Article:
Several months ago, when my vet was here to sedate Tarot for a hoof trim, she told me a story about an Arabian colt that was born on her farm. Silver spent his first four years growing up in her pastures and life was uneventful and good. When he was four, Silver was given as a gift to a woman who had fallen in love with him. Two years later, my vet was out at the woman’s farm on a separate call. She walked through the barn looking at the horses after she finished up and she saw a thin, grey Arabian locked in his stall. It was Silver. When she asked why he was inside when all the other horses were turned out, the woman told her that everyone was afraid of him, so he lived in his stall. He was difficult to lead, spooked at everything and had knocked a few people flat over. Heartbroken, my vet came back with her horse trailer and took him back to her farm the same day.
A couple people worked with him, and though he improved, he remained unpredictable. Dr. Mary was afraid he would hurt someone if she sold him as he was. If she couldn’t find a way to get through to him, she felt the only ethical thing to do would be to euthanize him. Did I think I could help him?
On Thursday evening, Silver was dropped off at our farm. My partner Sara and I decided to change his name to Rumi, after the the Persian poet and mystic. We wanted him to have a fresh start and a name that offered him wisdom, imagination and possibility. Lots of room to grow.
He’s an interesting horse, very social both with humans and horses and he enjoys touch. He is also hyper-aware of his environment and that vigilance can cause him to forget where he is in space and what he is doing. He has concerns. But they are fleeting concerns, truly, and his recovery is good. He will work for food and he doesn’t have any stereotypical behaviors like cribbing or weaving or pacing. Like most Arabians he is intelligent and he understood that the click predicted food within two clicks. On his very first full day here it rained steadily and because he has little body fat he started shivering even though it was nearly 60 degrees outside. He had to be brought inside. We didn’t want to stack his triggers (mainly: new environment + lead rope + walking), so we improvised by stringing a temporary lane to funnel him into the barn. Here’s a short clip:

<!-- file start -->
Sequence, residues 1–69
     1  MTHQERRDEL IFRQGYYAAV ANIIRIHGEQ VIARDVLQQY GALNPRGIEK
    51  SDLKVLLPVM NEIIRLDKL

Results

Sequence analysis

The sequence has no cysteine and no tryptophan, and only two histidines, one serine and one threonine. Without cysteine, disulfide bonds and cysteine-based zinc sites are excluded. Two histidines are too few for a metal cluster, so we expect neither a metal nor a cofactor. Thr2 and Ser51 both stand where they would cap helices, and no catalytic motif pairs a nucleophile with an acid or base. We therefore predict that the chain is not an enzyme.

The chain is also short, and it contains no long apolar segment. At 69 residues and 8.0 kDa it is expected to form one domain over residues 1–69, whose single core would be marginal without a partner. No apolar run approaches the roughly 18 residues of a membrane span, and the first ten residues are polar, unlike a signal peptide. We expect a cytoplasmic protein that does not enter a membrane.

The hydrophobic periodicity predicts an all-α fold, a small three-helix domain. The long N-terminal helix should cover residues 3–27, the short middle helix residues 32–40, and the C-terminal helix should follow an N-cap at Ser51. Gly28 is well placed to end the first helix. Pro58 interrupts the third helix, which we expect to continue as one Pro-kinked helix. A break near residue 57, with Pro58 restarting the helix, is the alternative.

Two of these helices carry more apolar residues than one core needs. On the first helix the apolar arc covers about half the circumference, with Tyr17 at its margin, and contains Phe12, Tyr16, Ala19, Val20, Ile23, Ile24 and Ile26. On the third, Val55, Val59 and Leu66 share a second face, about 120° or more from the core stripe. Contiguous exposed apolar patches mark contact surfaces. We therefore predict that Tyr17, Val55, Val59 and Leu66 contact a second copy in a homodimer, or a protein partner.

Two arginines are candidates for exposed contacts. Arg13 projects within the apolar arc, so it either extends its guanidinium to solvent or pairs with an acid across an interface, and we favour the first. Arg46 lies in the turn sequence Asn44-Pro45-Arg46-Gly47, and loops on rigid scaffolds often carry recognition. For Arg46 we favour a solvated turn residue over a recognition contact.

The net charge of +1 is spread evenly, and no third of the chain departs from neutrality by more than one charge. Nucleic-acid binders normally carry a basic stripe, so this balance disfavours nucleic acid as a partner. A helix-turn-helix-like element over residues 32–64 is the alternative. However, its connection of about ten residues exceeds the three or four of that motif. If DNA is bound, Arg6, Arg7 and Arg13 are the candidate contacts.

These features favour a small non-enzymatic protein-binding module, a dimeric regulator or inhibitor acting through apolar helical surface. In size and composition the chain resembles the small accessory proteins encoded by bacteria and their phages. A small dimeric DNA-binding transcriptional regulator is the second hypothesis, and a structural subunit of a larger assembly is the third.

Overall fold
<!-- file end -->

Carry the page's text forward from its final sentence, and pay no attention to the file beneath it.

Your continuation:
The video shows his general concern as well as how quickly he picks up on following my fist as a target. You will see that I wear a helmet when working with him even on the ground, as a precaution. He also has the choice to leave. If the environment is too much for him, he is untethered and can retreat. You’ll see him make that choice once but then quickly return.
Helping Rumi relax is going to involve time, tons of choice, and completely non-traditional set-ups that allow him to learn without triggering his fears. Lots of targets, mats and freedom. Good food, time with friends, room to exercise and allowing him a voice in his work will be key. As will listening to him and being responsive to his needs. My goal for him is for him to understand in his body and mind what his namesake wrote: “ Stop acting so small. You are the universe in ecstatic motion.” ~Rumi